Submitted by carli on February 2, 2011 - 6:16pm.

Maybe things have changed in the days since I was in contact with recruiters, but in my experience, recruiters are paid by the company doing the hiring and therefore definitely have the company's best interests in mind. Of course, they need to entice topnotch candidates so they'll be trying to cultivate good relationships with attractive candidates, but they are not working for the candidate, they're working for the company.

But, maybe things have changed dramatically in the last few years with the economic downturn...are you saying that there are recruiters out there who are hired by jobseekers?

Submitted by paramount on February 2, 2011 - 8:24pm.

I'm in a tech field and do not waste any time with 3rd party recruiters.

One thing to keep in mind: California in general has a *VERY* competitive job market even during good times.

Submitted by flu on February 2, 2011 - 8:47pm.

If he's a VP or director, his best option is to work though his own network of people he knows, rather than to be recruited through a recruiter... Director and higher positions here in S.D. are much more effective by referral basis. I know a few former director + vp level positions who's been out of work in S.D. for 8+ months..Not exactly easy to apply to a comparable position through traditional means.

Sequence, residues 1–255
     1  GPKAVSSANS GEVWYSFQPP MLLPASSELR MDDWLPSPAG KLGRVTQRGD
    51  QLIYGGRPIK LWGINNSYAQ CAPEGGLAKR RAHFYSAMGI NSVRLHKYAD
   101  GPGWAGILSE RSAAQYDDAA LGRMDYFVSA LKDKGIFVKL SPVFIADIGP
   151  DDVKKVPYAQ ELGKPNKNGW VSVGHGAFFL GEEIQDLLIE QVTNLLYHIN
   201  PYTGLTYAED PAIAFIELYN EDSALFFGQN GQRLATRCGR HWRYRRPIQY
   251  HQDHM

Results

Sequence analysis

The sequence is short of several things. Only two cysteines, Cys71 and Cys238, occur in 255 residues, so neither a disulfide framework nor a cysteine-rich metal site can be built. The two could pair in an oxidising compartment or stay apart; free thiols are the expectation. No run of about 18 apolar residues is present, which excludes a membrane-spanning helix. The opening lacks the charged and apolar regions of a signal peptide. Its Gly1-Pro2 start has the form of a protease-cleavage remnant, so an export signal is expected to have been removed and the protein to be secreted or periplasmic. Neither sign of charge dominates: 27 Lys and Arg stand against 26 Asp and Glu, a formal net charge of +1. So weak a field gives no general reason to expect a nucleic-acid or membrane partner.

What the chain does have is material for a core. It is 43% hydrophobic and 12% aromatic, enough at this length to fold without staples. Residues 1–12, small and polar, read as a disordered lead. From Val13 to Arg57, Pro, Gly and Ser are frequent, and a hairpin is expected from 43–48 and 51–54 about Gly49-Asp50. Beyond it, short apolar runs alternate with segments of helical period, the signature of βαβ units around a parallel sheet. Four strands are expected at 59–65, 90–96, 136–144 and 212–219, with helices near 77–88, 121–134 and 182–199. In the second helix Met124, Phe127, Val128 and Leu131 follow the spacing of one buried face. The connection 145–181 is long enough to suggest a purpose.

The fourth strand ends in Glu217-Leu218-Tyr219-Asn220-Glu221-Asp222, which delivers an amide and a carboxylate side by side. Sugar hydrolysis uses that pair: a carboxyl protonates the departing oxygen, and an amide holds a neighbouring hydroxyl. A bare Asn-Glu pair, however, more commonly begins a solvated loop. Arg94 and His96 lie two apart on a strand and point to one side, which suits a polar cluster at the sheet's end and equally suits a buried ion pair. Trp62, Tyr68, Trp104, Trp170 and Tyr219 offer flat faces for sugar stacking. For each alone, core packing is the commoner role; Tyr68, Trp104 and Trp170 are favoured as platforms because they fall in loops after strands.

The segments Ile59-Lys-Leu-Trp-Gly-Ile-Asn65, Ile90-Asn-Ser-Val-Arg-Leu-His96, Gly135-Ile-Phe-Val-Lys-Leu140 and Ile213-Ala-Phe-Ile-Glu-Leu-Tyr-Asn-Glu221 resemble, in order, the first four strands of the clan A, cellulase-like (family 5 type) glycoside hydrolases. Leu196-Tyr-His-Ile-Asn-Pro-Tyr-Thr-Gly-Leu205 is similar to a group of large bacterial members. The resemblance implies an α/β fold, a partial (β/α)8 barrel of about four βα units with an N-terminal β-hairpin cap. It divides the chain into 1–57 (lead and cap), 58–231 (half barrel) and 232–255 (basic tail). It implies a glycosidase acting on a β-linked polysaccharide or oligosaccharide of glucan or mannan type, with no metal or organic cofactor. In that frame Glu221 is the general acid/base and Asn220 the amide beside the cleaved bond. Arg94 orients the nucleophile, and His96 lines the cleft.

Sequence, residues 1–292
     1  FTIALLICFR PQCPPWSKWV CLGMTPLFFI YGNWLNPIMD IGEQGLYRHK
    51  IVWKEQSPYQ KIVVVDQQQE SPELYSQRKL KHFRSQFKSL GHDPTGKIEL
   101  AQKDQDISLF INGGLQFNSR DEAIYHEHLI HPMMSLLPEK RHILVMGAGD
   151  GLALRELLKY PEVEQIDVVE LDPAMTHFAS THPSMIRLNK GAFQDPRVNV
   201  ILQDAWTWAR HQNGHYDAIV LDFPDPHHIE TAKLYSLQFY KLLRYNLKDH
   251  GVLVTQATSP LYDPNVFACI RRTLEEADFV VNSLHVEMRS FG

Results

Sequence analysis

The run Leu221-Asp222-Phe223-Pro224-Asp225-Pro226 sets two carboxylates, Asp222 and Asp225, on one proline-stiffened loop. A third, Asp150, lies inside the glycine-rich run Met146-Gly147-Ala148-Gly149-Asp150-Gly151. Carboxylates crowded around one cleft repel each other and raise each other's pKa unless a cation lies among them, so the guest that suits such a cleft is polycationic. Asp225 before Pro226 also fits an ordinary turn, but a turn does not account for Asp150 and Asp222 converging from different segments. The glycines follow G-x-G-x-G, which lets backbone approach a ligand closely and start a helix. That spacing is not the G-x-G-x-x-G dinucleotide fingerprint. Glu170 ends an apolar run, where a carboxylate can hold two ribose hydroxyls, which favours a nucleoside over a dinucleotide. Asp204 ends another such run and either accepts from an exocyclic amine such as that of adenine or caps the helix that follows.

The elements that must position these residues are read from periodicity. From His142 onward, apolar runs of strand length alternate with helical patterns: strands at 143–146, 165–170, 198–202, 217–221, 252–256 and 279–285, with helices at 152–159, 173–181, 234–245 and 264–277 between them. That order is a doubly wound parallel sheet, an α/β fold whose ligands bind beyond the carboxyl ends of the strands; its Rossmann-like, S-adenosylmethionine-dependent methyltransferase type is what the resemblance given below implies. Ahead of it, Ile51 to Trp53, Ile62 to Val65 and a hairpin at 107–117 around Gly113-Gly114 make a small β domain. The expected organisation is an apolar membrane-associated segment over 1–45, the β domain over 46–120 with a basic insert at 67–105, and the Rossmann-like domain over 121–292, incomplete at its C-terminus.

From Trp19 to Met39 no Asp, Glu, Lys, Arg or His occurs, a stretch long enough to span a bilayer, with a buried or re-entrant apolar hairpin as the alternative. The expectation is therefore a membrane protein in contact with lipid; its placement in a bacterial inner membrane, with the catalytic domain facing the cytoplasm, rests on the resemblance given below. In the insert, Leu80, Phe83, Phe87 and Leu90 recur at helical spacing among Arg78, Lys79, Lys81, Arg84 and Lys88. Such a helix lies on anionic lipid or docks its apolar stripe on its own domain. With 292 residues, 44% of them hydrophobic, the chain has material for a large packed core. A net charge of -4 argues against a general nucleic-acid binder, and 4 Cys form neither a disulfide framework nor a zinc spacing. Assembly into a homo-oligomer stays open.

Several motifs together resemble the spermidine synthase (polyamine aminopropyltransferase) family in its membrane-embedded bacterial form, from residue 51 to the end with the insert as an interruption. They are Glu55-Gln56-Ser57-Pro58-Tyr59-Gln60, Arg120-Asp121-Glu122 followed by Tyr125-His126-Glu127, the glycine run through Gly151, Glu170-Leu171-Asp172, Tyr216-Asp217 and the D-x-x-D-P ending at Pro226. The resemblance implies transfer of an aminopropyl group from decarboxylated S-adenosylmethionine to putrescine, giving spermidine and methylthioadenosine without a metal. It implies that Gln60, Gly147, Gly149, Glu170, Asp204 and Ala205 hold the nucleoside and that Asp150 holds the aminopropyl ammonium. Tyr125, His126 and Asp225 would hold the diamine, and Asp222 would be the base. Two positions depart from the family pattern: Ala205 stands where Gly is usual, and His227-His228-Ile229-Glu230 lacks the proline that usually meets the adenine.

Submitted by abell on February 2, 2011 - 8:49pm.

My husband (in accounting, not banking) used to use recruiters for his level of accounting. But do the economic downturn, he found that recruiters were no longer getting jobs at his level and looking on job boards was more effective. So it just depends. If you have a recruiter that doesn't mind you sending out your own resumes as well, then I think you can go both ways. Also with the recruiter, if you are sending out your own resumes, you may want to approve any job the recruiter wants you to apply for, that way the same company won't get two resumes if they are advertising on their own as well.